Win or lose the White House, the groups that are helping the campaigns vow to become fixtures on the political scene, and their most potent influence may not even be in national races. They are also getting involved in local campaigns, in which they could have a huge impact for years to come.

    In Florida, a national group called the Association of Community Organizations for Reform Now, or Acorn, set out to do just that this November by putting a proposal for a minimum-wage increase on the ballot. It formed an affiliate called Floridians for All and quickly collected the required signatures. The effort went on to register 90,000 new low-income and minority voters.

    "I believe in the minimum-wage effort," said one donor, Martin Levin, a trial lawyer who has also given money to Mr. Kerry. But he added: "I felt the need to do whatever I could to get George Bush not re-elected."

    Floridians for All is typical of dozens of groups that are playing a powerful role in the presidential race, even though their only connection to Mr. Bush or Mr. Kerry is through the voters they are trying to motivate.

    The groups' involvement in the presidential race is receiving mixed results. On one hand they are engaging people in the political process and supporting elections with money that does not carry the whiff of party contributions. But on the other, their funds are more difficult to trace, and many are operating outside the 2002 McCain-Feingold campaign finance act, which sought to control election spending by banning unlimited contributions to the parties. Project Vote, the charitable arm of Acorn, will spend at least $16 million in crucial states this year; it spent $1 million in 2000.

    "How much money has been pumped into this, we don't have any idea," said Kent Cooper, co-founder of PoliticalMoneyLine.com, which tracks political spending.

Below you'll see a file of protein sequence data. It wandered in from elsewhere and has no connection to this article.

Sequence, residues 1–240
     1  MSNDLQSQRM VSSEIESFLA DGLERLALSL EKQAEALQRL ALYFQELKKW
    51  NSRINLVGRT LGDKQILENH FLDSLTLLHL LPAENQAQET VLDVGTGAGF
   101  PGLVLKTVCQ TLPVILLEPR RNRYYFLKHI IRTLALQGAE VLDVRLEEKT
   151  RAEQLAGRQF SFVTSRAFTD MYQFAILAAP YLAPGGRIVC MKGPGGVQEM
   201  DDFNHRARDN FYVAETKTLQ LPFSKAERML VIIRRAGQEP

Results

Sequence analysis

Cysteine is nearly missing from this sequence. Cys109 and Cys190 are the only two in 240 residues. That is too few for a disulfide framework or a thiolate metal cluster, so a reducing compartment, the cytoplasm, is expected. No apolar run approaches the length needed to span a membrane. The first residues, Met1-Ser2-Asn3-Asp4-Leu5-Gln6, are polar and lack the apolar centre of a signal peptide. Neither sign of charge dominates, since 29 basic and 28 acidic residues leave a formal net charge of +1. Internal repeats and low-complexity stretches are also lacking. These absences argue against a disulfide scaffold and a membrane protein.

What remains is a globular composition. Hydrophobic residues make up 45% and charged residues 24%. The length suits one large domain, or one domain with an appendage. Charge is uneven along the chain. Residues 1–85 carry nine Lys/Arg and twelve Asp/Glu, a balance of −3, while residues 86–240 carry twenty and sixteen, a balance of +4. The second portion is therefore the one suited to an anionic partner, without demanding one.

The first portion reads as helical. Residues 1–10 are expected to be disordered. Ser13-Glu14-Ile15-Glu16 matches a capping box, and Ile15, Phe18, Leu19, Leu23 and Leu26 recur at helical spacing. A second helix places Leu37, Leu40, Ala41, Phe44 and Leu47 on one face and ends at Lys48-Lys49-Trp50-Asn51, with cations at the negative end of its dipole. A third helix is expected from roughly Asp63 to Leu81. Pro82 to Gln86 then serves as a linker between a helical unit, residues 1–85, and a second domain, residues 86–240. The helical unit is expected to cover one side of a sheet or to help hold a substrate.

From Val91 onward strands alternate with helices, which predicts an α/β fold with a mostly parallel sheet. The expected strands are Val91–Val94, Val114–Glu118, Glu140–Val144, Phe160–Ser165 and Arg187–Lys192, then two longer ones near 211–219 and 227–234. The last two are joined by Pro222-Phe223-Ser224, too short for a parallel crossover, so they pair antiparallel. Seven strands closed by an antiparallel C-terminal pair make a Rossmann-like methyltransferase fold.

Like most of these groups, the Chamber of Commerce is not required to name its patrons, but Floridians for All is, because Florida law considers the group a political action committee.

    An examination of its finances shows that the group has gathered significant support from tax-exempt charities that have not traditionally been big givers to either party. The Solidago Foundation of Northampton, Mass., which supports social environmental causes, gave $40,000, while the Tides Foundation, of San Francisco, another backer of social causes, has donated $165,000.

    Floridians for All's other benefactors, state records show, include Richard Foos, the founder of Rhino Records in Los Angeles, and several big unions, including the National Education Association, which gave $250,000. Mr. Levin gave $130,000 of his and his law firm's money.

    The Pew Charitable Trusts is also a big player in the voter-turnout effort. It increased its grants six-fold over 2000, mainly through its $9 million support of an effort for young voters, the New Voters Project.

    "There was an enormous wealth created in the 90's," said Rebecca Rimel, the president of the Pew trusts. "A lot of these people are saying they want to, quote, make a difference, get a return. And they're worried about the health and happiness of American democracy."

    These donors are also attracted by the ground war campaigns being waged by the new nonpartisan groups, by the 527's (the name is taken from a section of the tax code) and by individual activists who are racing to reach voters who might be missed by the political parties.